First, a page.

Neuroleadership is a term created by Dr David Rock, a high profile neuroscience coaching guru, in 2007. Since then various studies have made connections between neuro driven leadership behaviour and organisational change. Neuroleadership is fast becoming much more than an interesting concept bravely mentioned by ‘first movers’ in board room discussions around organisational change. It is now firmly on the change agenda and shaping the change agenda whether relating to leadership behaviour, employee communications or organisational design. There is now a clear understanding around the impact of change on human psychology and how such change is perceived, whether as a threat or a reward.
Whether leaders understand neuroscience or not, they will still send out neuro signals to their workforce, consciously or unconsciously. There is no default mode. Different brains respond differently to different leaders. In one study it was found that dependent on the personalities of the leader and subordinate, brain activity ranged from positively driven emotions such as high attention, focus and excitement; to negative driven emotions including reduced attention, low interest and withdrawal.
Our brain circuitry also drives trust levels, a recognised trait required for high performance teams and working. Oxytocin, a brain chemical, is released when a person is more receptive to feeling trust toward a stranger. Our brains actually determine a level of trustworthiness within milliseconds of meeting, which is constantly updated when more information is received or processed, as the brain takes in a person’s appearance, gestures, voice tone, and the conversation content. Compared with people at low trust companies, people at high trust companies report 74% less stress, 106% more energy, 50% higher productivity, 13% fewer sick days, 76% more engagement, 29% more satisfaction with their lives and 40% less burn out incidence (Zak, 2017). High trust companies are invariably high performance companies.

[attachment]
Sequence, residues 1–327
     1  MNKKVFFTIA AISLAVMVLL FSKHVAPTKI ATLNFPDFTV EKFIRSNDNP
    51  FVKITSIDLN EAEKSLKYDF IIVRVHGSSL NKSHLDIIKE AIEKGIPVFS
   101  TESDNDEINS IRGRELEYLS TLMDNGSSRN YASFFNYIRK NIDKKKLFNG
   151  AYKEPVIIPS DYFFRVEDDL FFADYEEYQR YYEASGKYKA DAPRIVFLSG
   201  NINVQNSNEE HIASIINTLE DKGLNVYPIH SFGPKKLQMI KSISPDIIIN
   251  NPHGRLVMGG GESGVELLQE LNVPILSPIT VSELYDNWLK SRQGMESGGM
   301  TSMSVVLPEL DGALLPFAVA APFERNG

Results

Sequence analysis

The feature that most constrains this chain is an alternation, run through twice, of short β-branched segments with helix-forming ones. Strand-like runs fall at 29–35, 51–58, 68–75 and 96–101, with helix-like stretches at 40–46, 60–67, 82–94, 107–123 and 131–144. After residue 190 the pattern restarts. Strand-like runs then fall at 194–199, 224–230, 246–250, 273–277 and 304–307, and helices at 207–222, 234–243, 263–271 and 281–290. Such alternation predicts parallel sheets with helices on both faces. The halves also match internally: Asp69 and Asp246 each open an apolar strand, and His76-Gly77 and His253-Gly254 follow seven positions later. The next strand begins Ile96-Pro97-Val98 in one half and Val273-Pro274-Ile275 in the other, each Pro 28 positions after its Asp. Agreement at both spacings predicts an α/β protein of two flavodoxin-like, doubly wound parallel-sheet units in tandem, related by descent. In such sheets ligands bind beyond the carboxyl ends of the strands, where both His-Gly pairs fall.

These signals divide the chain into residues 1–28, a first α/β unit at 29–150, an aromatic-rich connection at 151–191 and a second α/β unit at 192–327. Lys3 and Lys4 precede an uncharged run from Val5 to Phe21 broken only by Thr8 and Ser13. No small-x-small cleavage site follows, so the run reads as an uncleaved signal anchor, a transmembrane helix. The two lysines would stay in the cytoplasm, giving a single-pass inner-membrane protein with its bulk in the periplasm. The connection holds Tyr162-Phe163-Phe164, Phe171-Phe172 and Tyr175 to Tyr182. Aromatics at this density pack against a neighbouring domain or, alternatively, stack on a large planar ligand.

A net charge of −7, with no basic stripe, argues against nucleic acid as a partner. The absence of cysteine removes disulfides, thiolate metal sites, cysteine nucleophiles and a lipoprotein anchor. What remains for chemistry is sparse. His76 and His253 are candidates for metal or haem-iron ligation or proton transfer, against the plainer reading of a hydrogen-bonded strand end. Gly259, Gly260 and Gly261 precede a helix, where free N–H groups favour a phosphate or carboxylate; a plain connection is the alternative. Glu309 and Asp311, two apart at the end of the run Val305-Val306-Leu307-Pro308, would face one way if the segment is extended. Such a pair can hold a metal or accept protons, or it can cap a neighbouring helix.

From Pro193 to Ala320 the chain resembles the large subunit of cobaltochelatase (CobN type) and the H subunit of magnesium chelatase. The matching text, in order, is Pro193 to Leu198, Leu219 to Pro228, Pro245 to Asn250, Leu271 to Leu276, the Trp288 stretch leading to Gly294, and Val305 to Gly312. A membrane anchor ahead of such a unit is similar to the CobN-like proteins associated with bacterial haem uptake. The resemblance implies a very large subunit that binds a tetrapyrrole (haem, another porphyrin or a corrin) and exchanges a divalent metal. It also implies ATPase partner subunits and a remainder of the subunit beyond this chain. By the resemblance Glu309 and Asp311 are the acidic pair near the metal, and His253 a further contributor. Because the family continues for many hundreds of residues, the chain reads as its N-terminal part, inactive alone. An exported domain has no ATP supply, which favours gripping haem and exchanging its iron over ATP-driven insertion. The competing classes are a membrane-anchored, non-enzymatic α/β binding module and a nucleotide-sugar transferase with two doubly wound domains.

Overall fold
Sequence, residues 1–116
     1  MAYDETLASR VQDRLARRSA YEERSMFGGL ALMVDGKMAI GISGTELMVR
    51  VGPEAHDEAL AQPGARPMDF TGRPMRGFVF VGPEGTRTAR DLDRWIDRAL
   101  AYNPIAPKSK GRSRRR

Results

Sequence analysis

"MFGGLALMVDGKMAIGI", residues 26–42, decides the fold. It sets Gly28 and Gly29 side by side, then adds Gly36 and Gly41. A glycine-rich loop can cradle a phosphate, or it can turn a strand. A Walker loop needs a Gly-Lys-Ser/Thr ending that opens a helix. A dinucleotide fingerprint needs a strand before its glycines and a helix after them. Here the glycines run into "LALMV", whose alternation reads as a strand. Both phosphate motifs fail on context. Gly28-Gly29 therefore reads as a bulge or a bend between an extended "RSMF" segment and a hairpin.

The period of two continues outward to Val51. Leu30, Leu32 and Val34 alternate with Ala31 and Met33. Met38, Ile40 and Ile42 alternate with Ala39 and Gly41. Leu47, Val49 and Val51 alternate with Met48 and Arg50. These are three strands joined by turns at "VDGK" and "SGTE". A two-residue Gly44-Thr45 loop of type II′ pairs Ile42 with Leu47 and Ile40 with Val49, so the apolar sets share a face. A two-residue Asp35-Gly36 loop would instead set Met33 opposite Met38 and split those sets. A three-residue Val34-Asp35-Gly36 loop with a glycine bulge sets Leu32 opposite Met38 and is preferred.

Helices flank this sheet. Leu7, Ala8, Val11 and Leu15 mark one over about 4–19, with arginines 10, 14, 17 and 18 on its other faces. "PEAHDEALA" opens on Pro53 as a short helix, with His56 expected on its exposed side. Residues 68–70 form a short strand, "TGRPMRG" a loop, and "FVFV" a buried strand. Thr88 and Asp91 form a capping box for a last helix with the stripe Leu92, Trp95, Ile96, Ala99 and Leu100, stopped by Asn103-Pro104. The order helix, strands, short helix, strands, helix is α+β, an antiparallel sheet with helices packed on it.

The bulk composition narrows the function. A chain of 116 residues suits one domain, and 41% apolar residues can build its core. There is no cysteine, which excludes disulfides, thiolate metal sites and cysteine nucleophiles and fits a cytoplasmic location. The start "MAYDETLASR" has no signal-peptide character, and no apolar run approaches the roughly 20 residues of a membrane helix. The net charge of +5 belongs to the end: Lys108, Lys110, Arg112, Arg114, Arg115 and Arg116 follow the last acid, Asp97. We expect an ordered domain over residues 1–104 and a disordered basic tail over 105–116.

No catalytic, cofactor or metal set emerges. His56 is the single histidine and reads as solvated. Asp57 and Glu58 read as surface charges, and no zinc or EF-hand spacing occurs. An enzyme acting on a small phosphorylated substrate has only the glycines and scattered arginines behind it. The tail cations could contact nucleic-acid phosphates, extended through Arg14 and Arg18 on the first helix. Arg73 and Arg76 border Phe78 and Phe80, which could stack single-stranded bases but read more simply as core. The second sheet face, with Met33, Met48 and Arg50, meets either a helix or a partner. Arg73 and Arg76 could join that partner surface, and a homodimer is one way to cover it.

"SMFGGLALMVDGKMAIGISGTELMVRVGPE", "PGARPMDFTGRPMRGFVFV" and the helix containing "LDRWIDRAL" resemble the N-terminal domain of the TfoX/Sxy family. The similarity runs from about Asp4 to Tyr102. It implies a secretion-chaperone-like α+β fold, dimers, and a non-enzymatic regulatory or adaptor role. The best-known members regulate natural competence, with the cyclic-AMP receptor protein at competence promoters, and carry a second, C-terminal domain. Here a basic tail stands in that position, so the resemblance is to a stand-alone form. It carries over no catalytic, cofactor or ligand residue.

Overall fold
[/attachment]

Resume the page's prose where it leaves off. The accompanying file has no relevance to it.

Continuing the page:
Fortunately, leaders can neuro build trust by sending out the right signals not the wrong ones, for example, by reducing the threat and increasing the reward triggers, demonstrating fairness and being authentic. The very act of trusting someone activates mirror neurons in that person, which is a signal to reciprocate that trust. Conversely, leaders who behave in ways that increase threat triggers will fail to build trust and create the potential for toxicity in their workplace relationships. In the words of Rachel Cotter Davis (Davis, 2016) ‘a boss micromanaging (you) is like someone walking behind you in a dark alley, in terms of what it does to your brain’.
For more information on the latest learning in the neuroleadership field, including practical applications, download our latest whitepaper or listen to our podcast here.